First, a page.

A finishing transformation

28 February 2015


I brought two pieces of this cloth back with me from Oaxaca.  Señor Esteban, of the Taller Sabino & Vásquez made these on his floor loom with a fly shuttle.  The warp is a fine cotton, maybe 40/2, natural.  The colored weft is a heavier singles used doubled.  The bands are overshot.  It looks to me like these pieces were just cut off the loom and a light colored zigzag stitch was sewn across the ends.

The light color of the thread used to sew across calls attention to the wefts below it that are drifting downwards.  The warp selvages are denser than the body of the cloth making the selvages look whiter and drawing attention to every bright pink irregularity.  I think that is about all you see in this piece, I have a hard time seeing the hand woven cloth because of all these distractions.   So I decided to finish these pieces so that they could be on a table, say under a vase of flowers.  That means that I want them to lay flat and that if I set something on them , like a glass, the glass won’t fall over  because of the cloth.  No lumpy bumpy finishing.

First I tried knotting the fringe but it is just too wimpy to look good. I only like fringe that lays orderly and this never will.  So I cut it off with the serger.  I also cut off the warp selvages so that all four sides are the same.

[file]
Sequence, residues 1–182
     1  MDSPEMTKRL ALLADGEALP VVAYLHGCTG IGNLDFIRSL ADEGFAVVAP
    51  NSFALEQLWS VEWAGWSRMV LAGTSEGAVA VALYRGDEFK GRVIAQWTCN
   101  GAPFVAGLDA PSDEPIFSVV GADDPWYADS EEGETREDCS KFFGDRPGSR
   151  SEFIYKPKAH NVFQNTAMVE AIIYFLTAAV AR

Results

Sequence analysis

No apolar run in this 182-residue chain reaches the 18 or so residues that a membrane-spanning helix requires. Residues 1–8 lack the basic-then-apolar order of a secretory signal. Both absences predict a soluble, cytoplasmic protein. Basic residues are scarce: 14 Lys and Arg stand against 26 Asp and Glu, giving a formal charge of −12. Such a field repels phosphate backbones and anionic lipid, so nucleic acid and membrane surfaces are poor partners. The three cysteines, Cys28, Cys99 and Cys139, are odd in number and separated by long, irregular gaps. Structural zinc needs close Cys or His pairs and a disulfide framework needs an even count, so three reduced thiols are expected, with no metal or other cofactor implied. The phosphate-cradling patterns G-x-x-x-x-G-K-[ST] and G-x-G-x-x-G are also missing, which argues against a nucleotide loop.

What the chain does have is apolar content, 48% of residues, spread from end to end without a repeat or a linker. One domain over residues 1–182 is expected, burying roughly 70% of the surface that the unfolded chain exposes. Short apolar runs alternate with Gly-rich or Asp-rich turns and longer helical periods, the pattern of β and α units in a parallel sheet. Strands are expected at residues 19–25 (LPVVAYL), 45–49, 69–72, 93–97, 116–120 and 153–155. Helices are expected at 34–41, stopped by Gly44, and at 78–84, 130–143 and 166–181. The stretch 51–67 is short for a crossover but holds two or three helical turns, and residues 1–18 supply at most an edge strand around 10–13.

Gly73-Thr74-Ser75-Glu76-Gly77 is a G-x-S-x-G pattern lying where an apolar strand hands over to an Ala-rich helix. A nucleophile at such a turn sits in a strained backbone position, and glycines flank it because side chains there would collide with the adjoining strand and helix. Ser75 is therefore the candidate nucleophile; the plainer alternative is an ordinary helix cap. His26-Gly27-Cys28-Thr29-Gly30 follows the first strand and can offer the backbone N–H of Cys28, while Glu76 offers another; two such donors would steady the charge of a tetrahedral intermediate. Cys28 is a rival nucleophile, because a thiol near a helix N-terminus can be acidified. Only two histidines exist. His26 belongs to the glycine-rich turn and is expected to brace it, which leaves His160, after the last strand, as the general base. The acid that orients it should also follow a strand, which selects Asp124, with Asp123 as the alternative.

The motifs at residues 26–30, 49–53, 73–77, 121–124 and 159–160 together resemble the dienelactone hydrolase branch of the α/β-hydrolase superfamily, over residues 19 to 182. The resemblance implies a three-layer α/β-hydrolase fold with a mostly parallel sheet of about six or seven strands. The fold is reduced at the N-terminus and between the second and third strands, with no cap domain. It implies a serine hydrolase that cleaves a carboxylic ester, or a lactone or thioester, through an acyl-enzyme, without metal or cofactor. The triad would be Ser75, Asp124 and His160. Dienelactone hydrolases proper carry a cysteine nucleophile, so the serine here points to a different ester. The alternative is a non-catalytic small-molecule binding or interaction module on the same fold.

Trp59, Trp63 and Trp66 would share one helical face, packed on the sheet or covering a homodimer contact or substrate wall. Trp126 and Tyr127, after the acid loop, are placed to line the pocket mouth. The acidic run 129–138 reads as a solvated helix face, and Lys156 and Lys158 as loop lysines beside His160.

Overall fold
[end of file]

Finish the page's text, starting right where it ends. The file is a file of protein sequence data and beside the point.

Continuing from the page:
All edges have been serged with natural colored thread.


Not that this is finished but I think it already looks a lot better, even with it serger tails.   Then I turned under the serged edge and machine basted it in place with matching thread.  The top side looks tidier, on the back side you can see the serged edge.  This would make an acceptable finish or you could turn it under one more time and machine stitch again.  I would make the second turn wider to keep the edge from being narrow and three layers thick.


But I think that I will add a crochet edging around the piece.  I have #10 crochet cotton that matches the color of the natural warp and a penetrating crochet hook to make a base row of single crochet.  The turned under hem makes for a substantial edge to anchor the crochet stitches and helps to align the penetrating stitch.  On the back it covers the serged edge.  The trick is to get the right number of stitches in the base row so that the cloth lays flat.  Too few stitches and the edge pulls in the cloth and makes it buckle and too many stitches and the edging ruffles a bit.

Then I tried several edgings, all flat.  The geometric one is nice but maybe too wide so I decided on the triple picot  one.  I just want to finish the piece not add a lace edging.

crochet edge geometricIMG_3235


The time consuming part is the first row, then it goes quickly.  IMG_3247

So here I have finished all the crochet but not yet washed and ironed it. The washing compacted the crochet.  The overshot bands pulled in too making inward curves  but while ironing I managed to stretch them back out.  So the finished piece is here:


The blue piece got an even smaller edging, just a simple picot.


The colors are cheery, a way to add a bright spot in this grey cold weather.  The first color is called rosa mexicana, that that one I’m keeping.

Quite a transformation, at least to me.




One Response to “A finishing transformation”

  1. Great idea! Thanks for sharing.


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